Alan Mulally was born August 4, 1945, in Oakland, California. He graduated from the University of Kansas in 1969, with a Bachelor of Science and Master of Science degree in aeronautical and astronautical engineering. He is an alumnus of the Kappa Sigma Fraternity and was its 2007 Man of the Year. Mulally also received a Master's degree in Management as a Sloan Fellow from the MIT Sloan School of Management in 1982.
Mulally was hired by Boeing immediately out of college in 1969 as an engineer and advanced through the company in a series of engineering and program management positions, making contributions to the 727, 737, 747, 757 and 767. He led the cockpit design team on the 757/767 project. Its revolutionary design featured the first all-digital flight deck in a commercial aircraft, the first two-man crew for long-range aircraft and a common type rating for pilots on two different aircraft. He worked on the 777 program first as director of engineering and from September 1992, as vice president and general manager.
He was later named Vice President of Engineering for the commercial airplane group. He is known and recognized for elevating Phil Condit's "Working Together" philosophy through and beyond the charge of all airplane development activities, flight test operations, certification, and government technical liaision. In 1997, Boeing made Mulally the President of the Information, Space & Defense Systems and Senior Vice President. He held this position until 1998, when he was made president of Boeing Commercial Airplanes (Chief Executive Officer duties were added in 2001). Mulally was largely credited with BCA's resurgence against Airbus in the mid-2000s. For Mulally's performance at Boeing, Aviation Week & Space Technology named him as a person of the year for 2006.
Mulally was named the President and CEO of Ford Motor Company on September 5, 2006, succeeding Wiliam Clay Ford, Jr. He took over "The Way Forward" restructuring plan at Ford to turn around its losses and declining market share. Mulally's cost cutting initiatives, which included cutting dividends, led to the company's first profitable quarter in two years.
In 2006, Mulally lead the effort for Ford to borrow $23.6 billion by mortgaging all of Ford's assets. Mulally said that he intended to use the money to finance a major overhaul and provide "a cushion to protect for a recession or other unexpected event." At the time, the loan was interpreted as a sign of desperation, but is now widely credited with stabilizing Ford's financial position. Due to his achievements at Ford, he was included in 2009 Time 100 list. The entry, written by Steve Ballmer, says, "[Mulally] understands the fundamentals of business success as well as any business leader I know."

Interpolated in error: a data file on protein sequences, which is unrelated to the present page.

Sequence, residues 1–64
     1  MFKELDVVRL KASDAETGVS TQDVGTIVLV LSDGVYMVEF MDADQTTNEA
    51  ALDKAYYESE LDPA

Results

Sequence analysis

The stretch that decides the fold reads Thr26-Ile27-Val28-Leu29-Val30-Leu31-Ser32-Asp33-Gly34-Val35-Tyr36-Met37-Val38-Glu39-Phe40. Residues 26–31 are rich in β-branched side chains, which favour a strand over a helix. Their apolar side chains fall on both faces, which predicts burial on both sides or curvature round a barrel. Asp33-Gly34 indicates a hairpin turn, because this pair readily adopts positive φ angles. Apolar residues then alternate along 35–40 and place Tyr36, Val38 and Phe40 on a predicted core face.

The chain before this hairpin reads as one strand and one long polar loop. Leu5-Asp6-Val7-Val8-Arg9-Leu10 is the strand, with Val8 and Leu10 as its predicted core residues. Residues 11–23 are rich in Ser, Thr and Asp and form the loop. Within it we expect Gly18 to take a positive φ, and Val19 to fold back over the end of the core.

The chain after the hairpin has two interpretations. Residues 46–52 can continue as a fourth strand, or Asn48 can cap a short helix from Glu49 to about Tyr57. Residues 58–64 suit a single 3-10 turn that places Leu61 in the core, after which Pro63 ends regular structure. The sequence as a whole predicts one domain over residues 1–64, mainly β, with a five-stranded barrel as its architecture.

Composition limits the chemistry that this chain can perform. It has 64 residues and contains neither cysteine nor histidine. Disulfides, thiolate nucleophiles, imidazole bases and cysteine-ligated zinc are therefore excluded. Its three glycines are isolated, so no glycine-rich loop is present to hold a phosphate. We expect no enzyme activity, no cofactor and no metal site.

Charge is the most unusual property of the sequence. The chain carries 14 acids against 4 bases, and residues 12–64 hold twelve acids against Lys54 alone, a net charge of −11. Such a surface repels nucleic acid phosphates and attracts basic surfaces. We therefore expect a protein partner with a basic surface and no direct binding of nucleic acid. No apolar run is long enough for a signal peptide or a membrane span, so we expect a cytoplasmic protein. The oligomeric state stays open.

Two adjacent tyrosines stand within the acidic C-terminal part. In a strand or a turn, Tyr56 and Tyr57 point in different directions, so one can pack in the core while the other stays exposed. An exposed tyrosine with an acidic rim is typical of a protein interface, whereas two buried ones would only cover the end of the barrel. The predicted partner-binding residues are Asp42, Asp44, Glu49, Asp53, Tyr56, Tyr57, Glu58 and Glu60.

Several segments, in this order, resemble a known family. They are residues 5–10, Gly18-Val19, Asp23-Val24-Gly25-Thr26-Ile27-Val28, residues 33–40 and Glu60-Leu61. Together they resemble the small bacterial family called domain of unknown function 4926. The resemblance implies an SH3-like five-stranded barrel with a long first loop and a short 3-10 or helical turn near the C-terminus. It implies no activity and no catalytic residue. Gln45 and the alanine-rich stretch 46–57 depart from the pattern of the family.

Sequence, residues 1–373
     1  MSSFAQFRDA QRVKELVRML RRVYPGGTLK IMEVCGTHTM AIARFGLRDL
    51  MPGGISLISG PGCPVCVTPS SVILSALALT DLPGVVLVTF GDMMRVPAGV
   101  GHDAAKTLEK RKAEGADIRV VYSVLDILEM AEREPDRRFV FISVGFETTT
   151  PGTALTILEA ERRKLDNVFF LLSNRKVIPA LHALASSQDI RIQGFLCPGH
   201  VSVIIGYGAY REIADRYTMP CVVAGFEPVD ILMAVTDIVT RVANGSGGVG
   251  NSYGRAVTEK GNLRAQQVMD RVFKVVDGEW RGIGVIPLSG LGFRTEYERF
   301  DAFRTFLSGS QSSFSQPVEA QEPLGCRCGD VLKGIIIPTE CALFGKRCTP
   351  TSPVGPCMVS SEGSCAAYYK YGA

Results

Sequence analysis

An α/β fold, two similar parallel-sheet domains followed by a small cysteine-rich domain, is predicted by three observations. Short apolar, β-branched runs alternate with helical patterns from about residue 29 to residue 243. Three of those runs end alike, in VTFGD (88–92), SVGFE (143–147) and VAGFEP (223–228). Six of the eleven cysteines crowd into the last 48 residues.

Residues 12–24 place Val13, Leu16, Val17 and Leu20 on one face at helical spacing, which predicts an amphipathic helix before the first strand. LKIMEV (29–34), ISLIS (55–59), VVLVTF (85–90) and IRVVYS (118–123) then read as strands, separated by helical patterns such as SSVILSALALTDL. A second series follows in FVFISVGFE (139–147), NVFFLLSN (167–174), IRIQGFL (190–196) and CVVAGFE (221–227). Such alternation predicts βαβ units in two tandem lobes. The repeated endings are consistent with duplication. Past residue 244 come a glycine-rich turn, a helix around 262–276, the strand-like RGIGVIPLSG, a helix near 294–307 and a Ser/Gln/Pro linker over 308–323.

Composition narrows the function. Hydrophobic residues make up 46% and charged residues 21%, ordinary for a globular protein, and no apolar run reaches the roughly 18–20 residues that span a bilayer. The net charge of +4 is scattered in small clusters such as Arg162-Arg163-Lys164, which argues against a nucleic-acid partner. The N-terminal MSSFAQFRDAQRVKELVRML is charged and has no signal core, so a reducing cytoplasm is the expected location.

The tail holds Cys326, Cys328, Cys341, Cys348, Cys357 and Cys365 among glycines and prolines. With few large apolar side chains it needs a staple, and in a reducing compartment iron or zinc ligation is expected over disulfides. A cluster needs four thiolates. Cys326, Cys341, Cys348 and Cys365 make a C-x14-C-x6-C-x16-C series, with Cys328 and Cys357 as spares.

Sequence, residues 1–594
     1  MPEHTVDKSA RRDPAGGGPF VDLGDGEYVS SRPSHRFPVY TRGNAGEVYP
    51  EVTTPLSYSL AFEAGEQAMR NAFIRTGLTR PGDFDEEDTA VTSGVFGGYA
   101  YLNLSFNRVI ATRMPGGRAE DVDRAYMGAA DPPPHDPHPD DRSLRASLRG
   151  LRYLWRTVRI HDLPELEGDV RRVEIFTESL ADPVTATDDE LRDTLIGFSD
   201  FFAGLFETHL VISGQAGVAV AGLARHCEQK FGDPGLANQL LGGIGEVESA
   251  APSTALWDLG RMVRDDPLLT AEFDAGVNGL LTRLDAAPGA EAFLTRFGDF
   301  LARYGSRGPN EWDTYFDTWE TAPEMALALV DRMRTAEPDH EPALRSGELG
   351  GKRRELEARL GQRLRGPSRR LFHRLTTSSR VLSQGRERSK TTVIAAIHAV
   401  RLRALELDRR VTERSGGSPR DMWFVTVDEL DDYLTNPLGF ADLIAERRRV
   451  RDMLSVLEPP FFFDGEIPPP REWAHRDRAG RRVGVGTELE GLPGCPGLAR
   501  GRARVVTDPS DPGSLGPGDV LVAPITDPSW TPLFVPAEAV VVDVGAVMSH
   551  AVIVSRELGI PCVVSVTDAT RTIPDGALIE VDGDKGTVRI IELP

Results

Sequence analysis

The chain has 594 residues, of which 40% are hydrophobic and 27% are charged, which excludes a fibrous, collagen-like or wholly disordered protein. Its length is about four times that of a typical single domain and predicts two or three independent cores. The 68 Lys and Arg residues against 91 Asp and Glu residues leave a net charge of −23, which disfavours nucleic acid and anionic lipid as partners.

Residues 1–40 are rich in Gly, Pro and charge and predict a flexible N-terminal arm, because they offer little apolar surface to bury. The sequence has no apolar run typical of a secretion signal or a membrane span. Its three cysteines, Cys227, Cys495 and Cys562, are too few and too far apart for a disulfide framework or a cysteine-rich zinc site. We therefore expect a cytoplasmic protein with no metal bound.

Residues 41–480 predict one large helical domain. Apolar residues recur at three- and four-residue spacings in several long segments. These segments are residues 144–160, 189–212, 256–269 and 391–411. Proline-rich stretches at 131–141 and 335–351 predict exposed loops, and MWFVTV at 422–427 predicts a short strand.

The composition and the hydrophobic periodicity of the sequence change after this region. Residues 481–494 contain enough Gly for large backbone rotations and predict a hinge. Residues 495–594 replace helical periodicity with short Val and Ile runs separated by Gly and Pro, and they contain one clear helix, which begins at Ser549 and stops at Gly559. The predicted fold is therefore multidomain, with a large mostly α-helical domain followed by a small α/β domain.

Mulally previously served as co-chair of the Washington Competitiveness Council and sat on the advisory boards of NASA, the University of Washington, the University of Kansas, Massachusetts Institute of Technology, and the U.S. Air Force Scientific Advisory Board. He is a member of the United States National Academy of Enineering and a fellow of England's Royal Academy of Engineering. Mulally also served as a past president of the American Institute of Aeronautics and Astronautics (AIAA) and is a former president of its Foundation. Additionally, Mulally served as a past chairman of the Board of Governors of the Aerospace industries Association.
Mulally has played on the semi-pro circuit for tennis and also enjoys golfing. In his spare time, he has taken to flying small planes. He is married to Jane "Nikki" Connell, and their family consists of three sons and two daughters.
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